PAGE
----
This course is an examination race, myth, and the American imagination. Students will interrogate how race has functioned in mythical ways, across space and time, in American history. From the ante-bellum period to the present, biblical narratives, literary texts, popular entertainment, including, journalism, television, and cinema, have shaped racial thinking in the United States. Such thinking has been internal and external to the American experience. Students will attend to the local and global import of racialized mythology. Because racial mythology is gendered, specific attention will be given to racialized myths about African- American women and men. Such a focus illuminates how racial mythology has been applied to the moral character of African- American communities. At the end of this course, students will have a heightened appreciation for the study of myth and its relation to race and the American imagination.
LBS 715. Rumor & Urban Legends. (3 h)
The purpose of theis course is to allow students to explore and discuss academic litreature on rumor, urban legends, gossip and myths. Our society prides itself on its rationalist perspective, but the reality is that people find and contruct knowledge in ways that are idiosyncratic, but personally logical. These four related communitcation pheonomena may serv constructive social functions even if those are not immediately obvious. The power of rumor and urban legends to caputre the human imanination and influences the workings of society is profound and facinating. The readings will draw on important studies in sociology, psychology, communication and folklore.
LBS 720. Special Topics: Language and Literature. (3 h)
Special Topics in Liberal Studies related to Language and Literature. Course emphasis will vary with instructor. May be repeated for credit if topic differs.
LBS 721. Special Topics: Media, Arts, and Rhetoric. (3 h)
Special Topics in Liberal Studies related to studies in media, art, and rhetoric. Course emphasis will vary with instructor. May be repeated fro credit if topic differs.
LBS 722. Special Topics: Politics and International Relations. (3 h)
Special topics in Liberal Studies related to politics and international relations. Course emphasis will vary with instructor. Course may be repeated for credit if the topic differs.
LBS 723. Special Topics: History, Societies, and Culture. (3 h)
Special topics in Liberal Studies related to studies in history, societies, and various cultures. Emphasis will vary with instructor. Course may be repeated for credit if the topic differs.
LBS 724. Special Topics: Philosohpy and Religion. (3 h)
Special Topics in Liberal Studies related to studies in philosophy and religion. Emphasis will vary with instructor. Course may be repeated for credit if the topic differs.
LBS 725. Special Topics: Popular Culture. (3 h)
Special Topics in Liberal Studies related to studies in popular culture. Course emphasis will vary with instructor. Course may be repeated for credit if topic differs.
LBS 726. Special Topics: Urban Arts and Architectural Design. (3 h)
Special Topics in Liberal Studies related to urban arts and architectural design studies. Course emphasis will vary with instructor. Course may be repeated for credit if topic differs.
LBS 727. Special Topics: Science, Health, and Culture. (3 h)
Special Topics in Liberal Studies related to the sciences, health and culture. Course emphasis will vary with instructor. Course may be repeated for credit if the topic differs.
LBS 728. Special Topics: Fine Arts, Aesthetics, and Creativity. (3 h)
Special Topics in Liberal Studies related to the study of Fine Art and the areas of asethetics and creativity. Course emphasis will vary with instructor. Course may be repeated for credit if topic differs.
LBS 729. Special Topics: Psychology, Humanism, and Business. (3 h)
Special Topics in Liberal Studies related to the areas of psychology, humanism, and business. Course emphasis will vary with instructor. Course may be repeated for credit if topic differs.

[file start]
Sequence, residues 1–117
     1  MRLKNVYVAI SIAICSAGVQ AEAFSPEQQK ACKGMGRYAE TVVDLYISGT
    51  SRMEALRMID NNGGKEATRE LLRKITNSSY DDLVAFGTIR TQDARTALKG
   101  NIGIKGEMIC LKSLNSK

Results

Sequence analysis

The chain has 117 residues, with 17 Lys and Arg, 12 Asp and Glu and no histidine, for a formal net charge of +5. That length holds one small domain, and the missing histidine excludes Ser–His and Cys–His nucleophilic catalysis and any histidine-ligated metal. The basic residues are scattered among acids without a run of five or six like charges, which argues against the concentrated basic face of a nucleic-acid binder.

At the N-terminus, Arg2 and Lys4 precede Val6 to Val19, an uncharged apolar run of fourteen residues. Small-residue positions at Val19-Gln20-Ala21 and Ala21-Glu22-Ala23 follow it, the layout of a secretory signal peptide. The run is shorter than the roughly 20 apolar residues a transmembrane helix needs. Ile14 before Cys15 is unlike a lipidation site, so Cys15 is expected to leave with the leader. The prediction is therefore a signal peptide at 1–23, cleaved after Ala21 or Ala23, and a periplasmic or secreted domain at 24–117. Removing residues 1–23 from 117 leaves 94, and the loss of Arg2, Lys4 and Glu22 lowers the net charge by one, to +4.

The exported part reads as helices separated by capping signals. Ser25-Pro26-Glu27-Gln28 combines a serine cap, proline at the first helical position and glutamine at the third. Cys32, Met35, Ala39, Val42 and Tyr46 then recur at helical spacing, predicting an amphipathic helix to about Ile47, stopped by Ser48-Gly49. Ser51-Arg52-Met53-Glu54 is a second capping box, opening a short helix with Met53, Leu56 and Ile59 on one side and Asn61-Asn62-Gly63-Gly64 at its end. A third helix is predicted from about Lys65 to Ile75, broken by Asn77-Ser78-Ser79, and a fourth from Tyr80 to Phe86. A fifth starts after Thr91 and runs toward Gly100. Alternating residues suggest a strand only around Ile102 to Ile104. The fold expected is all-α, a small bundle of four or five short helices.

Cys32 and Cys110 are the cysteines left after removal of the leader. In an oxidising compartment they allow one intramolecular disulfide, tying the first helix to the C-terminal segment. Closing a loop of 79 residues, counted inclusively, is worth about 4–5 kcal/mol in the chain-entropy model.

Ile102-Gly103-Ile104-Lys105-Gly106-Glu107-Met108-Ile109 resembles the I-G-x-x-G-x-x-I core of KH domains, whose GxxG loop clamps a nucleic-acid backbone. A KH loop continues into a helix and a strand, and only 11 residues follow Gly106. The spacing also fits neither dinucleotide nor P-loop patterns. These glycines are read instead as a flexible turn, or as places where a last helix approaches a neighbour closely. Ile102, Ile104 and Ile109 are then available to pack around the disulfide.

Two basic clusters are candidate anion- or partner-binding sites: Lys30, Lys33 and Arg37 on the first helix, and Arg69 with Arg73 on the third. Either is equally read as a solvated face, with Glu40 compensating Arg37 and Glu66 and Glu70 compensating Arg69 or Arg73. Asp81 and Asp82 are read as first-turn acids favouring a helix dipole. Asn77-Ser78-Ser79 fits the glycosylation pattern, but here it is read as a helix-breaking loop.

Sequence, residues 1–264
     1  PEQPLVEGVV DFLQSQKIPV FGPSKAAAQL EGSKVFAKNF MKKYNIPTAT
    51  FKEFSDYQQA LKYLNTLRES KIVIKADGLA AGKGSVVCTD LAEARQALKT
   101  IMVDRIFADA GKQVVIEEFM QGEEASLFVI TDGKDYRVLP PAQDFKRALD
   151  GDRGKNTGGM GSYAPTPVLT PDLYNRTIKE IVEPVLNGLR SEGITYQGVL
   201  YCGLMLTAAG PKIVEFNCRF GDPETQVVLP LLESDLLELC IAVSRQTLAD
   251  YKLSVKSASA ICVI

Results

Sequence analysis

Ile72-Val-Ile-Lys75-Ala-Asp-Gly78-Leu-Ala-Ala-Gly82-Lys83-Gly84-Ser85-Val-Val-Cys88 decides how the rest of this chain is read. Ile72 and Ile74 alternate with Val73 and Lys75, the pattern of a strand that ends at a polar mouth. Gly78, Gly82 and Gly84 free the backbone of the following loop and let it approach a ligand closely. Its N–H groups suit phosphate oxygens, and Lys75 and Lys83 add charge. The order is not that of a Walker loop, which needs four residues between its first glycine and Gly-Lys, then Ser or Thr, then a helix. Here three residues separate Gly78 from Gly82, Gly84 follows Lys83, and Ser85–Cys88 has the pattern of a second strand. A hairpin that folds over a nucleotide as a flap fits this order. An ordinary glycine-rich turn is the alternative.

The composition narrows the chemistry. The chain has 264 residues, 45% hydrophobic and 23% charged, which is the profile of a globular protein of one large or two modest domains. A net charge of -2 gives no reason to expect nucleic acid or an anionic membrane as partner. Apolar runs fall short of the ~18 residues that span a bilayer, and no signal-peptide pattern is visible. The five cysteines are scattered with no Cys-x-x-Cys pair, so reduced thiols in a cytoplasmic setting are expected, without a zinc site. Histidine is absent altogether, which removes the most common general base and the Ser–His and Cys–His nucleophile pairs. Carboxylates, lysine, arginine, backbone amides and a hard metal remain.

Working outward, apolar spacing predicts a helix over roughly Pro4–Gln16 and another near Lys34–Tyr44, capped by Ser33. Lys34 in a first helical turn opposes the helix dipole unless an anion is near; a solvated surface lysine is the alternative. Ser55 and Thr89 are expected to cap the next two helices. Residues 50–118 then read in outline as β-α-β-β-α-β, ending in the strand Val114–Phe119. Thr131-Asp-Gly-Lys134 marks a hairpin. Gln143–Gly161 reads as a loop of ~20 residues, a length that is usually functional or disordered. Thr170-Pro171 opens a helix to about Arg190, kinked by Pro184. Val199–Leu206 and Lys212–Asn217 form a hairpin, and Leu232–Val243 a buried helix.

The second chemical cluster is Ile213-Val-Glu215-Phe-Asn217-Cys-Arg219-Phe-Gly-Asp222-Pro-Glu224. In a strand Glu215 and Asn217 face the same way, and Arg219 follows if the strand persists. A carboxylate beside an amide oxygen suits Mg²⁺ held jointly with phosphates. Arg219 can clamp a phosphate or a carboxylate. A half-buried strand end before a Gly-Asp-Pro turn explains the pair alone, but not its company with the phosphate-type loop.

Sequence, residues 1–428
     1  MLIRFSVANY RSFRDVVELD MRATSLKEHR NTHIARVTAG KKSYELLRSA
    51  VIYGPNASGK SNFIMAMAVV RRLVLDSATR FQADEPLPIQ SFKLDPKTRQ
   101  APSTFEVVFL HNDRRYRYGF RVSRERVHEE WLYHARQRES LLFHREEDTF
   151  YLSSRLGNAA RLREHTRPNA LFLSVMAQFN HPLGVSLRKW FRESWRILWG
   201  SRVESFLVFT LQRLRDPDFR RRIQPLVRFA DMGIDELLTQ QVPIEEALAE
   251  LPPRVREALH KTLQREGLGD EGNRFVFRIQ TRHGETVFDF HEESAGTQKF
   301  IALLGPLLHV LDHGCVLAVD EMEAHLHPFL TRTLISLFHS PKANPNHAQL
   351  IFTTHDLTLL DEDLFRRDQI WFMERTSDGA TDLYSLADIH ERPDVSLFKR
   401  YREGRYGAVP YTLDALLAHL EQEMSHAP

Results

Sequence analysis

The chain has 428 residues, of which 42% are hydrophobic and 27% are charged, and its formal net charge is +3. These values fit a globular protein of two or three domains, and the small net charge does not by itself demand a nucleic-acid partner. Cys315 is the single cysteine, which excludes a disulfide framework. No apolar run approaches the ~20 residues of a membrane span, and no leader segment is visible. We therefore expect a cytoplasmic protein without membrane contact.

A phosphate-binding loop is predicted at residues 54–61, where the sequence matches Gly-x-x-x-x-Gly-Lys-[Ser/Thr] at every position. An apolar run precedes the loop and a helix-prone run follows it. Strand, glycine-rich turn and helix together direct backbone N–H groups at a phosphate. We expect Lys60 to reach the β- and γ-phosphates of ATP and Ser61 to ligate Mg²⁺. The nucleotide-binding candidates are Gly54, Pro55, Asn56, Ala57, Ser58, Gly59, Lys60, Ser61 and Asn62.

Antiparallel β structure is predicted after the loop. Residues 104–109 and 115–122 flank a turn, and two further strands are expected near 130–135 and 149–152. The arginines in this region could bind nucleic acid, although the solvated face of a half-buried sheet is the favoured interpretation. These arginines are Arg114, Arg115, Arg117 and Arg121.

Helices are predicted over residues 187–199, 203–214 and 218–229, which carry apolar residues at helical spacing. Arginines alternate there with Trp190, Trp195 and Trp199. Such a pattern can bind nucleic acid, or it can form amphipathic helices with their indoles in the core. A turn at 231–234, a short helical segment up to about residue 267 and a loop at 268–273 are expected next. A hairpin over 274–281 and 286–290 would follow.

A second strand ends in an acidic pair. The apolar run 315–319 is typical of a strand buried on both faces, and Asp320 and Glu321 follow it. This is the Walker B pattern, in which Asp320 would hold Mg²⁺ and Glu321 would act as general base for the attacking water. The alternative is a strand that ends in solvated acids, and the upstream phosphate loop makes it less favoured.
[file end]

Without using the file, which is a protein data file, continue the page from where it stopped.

LBS 786. Directed Study. (1-3 h)
Working with a faculty advisor, the student completes a special reading project in area not covered in regular courses or a special research project not related to the master's thesis. A student who wishes to enroll must submit the Directed Study Form, signed by the advisor, to the program director. May be repeated once for credit with the permission of the program director.
LBS 790. Capstone Project. (3 h)
Capstone project options include: 1) research paper describing and explaining tentative hypotheses based on quantitative and/or qualitative research; 2) creative work with accompanying interpretive text; 3) internship with non-profit or for-profit organization with on site supervision; 4) portfolio of M.A. work, including a retrospective paper on major learnings from student's course of study as well as two academic papers from M.A. courses taken.
LBS 791. Thesis Research. (3 h)
LBS 792. Thesis Research II. (3 h)
LBS 824. Commemoratives of Mid Passage. (3 h)
This course examines the historical memory of the slave trade which forcibly removed more than 10 million Africans from their homes. The Middle Passage has been memorialized in films, novels, poetry, the plastic arts, exhibits, and historical monuments, especially the slave castles along the Western African coast. Major themes explored are the sensatory and experiential expressions, cultural diversity, internal population dynamics, gendered relations of power, and sexual differences. The social reproduction of cultural mores with the removal of "saltwater" Africans to the Americas and the absorption of new sourses of slaves in Africa will also be axamined.
LBS 832. India Calling. (3 h)
LBS 853. State, Econ & Intl Competitive. (3 h)
LBS 853. State, Economy and International Competitivenes (3h). The course explores a range of important case studies of national economic performance, including the strengths and weaknesses of leading examples of welfare capitalism, liberal capitalism, and capitalisms in which the state plays an active developmental role. We will examine the viability of welfare capitalism against the growing penchant for liberal capitalist solutions to contemporary problems of economic growth, international competitiveness and unemployment. We will also explore the impact of labor, capital, culture and the state, including an examinaton of the main theories of economic growth currently informing public policy, and the future of the American model of capitalism.